Brussels, 20 July 2001
New Commission report shows rapid change in EU labour markets. Star performers are hi-tech, high-skill women.
The Commission today published the Employment in Europe 2001 report. The report, published annually, shows rapid all-round improvement in the way EU labour markets work. Champions of job creation are hi-tech, highly skilled women. It presents an analysis of the main trends and outlook for employment in the EU and the candidate countries against the background of the new targets for employment set by the Lisbon and Stockholm summits. However, the report notes that some sectors are still dominated by one gender (occupational segregation), even in the fast growing high-skilled, non-manual occupations and it is even widening in traditional occupations. Some evidence shows that ever-tighter rhythms of work are affecting job quality.
Anna Diamantopoulou, Commissioner for employment and social affairs said: "This report shows that Europe's labour markets are capable of rapid structural change to a more dynamic, knowledge-based economy. And that women are champion job creators. If growth is sustained and product markets further developed across the EU, we have every chance of reaching the Lisbon goal of being the most competitive and inclusive place in the world to live and do business by 2010. To borrow an americanism : ' you ain't seen nuthin' yet' ".
The main messages of the report include:
After presenting a detailed panorama of the recent labour market developments, the report analyses supply and demand trends, macro-economic changes in the transition towards a knowledge-based economy, quality in work and its role for social inclusion and regional trends in employment performance. Finally, the report looks at the situation of the labour markets in the accession countries. The report contains detailed statistical tables with key employment indicators for the member states and the accession countries.
The full text of the report is available under "Key Documents" on the website of the European Commission, DG Employment and Social Affairs:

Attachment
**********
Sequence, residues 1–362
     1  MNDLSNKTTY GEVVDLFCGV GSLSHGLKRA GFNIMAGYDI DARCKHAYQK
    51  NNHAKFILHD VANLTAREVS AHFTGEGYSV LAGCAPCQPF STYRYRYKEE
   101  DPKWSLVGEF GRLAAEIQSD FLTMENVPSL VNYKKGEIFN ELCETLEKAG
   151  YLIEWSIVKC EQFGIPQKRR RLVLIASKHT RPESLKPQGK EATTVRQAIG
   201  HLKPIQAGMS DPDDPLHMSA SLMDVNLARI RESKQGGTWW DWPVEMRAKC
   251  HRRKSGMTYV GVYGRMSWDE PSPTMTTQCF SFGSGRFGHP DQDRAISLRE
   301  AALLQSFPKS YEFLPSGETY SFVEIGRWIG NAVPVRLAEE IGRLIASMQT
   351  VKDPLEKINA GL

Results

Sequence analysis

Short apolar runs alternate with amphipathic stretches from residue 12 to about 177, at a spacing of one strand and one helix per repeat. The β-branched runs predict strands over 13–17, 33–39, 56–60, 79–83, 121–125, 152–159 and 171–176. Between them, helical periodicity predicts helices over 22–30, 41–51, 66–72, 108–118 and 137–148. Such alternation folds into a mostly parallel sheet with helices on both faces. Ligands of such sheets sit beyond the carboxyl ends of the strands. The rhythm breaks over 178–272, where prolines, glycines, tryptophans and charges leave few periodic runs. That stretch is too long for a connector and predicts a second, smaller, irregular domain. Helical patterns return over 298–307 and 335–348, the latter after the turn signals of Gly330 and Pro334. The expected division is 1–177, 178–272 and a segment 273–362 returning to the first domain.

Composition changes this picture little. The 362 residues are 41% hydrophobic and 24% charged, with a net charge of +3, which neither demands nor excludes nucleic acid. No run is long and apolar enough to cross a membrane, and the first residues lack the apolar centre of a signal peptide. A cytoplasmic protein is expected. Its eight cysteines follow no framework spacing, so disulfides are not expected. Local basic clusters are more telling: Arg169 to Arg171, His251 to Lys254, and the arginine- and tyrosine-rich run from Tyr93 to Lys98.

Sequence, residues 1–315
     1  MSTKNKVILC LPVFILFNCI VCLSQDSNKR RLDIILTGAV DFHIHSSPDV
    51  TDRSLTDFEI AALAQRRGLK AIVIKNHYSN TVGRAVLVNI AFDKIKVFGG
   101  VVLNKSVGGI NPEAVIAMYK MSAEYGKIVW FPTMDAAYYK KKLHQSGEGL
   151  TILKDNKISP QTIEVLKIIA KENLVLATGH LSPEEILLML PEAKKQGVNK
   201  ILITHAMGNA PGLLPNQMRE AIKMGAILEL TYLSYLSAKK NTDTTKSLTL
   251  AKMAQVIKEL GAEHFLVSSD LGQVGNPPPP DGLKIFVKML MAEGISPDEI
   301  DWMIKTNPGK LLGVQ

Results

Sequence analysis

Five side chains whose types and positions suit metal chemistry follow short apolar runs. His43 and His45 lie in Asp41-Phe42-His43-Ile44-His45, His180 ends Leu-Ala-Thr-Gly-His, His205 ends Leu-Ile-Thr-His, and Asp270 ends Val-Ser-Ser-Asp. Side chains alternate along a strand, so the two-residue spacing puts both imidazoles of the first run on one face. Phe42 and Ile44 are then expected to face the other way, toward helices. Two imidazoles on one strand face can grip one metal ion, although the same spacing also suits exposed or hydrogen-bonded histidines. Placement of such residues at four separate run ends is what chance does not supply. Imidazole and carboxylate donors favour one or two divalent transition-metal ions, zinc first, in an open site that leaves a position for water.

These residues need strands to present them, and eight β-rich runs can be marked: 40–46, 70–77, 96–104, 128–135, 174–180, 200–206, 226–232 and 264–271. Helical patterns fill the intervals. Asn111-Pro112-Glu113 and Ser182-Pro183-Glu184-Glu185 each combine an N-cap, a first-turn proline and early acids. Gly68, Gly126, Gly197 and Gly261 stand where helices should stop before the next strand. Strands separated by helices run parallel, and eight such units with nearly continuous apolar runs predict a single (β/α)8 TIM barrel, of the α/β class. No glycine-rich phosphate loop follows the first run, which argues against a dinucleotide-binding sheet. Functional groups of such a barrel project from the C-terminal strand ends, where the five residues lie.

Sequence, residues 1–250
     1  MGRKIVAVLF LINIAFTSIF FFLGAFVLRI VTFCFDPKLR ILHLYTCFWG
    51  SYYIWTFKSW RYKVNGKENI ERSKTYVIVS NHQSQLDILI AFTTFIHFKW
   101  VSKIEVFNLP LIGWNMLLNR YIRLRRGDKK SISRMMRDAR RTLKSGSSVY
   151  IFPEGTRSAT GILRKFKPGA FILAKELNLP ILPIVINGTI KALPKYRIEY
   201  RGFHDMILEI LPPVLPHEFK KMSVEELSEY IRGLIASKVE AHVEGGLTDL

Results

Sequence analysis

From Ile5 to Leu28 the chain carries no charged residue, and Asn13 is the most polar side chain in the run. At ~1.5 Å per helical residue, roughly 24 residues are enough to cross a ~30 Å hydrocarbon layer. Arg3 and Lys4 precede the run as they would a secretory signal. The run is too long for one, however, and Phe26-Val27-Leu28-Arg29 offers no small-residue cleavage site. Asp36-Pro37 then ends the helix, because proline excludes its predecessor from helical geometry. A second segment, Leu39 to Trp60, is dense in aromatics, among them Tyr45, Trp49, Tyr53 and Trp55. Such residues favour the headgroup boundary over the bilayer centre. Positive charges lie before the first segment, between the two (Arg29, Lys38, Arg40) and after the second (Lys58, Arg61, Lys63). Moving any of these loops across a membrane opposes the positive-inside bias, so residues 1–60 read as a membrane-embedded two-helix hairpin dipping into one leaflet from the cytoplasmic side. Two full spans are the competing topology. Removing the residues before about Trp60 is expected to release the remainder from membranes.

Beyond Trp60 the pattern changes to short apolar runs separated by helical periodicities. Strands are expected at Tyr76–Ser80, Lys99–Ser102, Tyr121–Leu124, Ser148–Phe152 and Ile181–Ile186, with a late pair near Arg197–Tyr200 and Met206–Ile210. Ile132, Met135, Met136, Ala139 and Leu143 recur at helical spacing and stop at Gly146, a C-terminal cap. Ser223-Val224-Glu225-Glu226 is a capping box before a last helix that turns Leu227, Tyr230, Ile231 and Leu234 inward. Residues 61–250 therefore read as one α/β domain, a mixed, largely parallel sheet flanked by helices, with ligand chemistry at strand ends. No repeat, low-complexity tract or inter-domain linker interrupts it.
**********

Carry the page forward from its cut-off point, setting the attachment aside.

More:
In important new research for the European Commission,1(1) it was found that the role of women emerges as highly significant for explaining the US-EU job gap and employment patterns:
The findings of the same study do not give systematic support to the view that rigid labour markets in the European economies inhibit job growth:
In general, job-changing results in increased real and relative earnings. There are cross-country differences in patterns of job-changing, but there is no evidence for a clear US/Europe divide. Young persons feature prominently in the processes of earnings and job mobility. For most individuals low-pay employment is a transitory situation from which they move into better paid employment.
The text of the research can be found under "Publications" on the website of the European Commission, DG Employment and Social Affairs on the following address: http://ec.europa.eu/dgs/employment_social/pub_en.htm
(1)1 "The European-American Employment Gap, Wage inequality, Earnings Mobility and Skill" by W. Salverda, St. Bazen, M. Gregory and others The results of the study are based on extensive data research (ECHP) for four EU Member States (France, Germany, the Netherlands, and the UK) and the US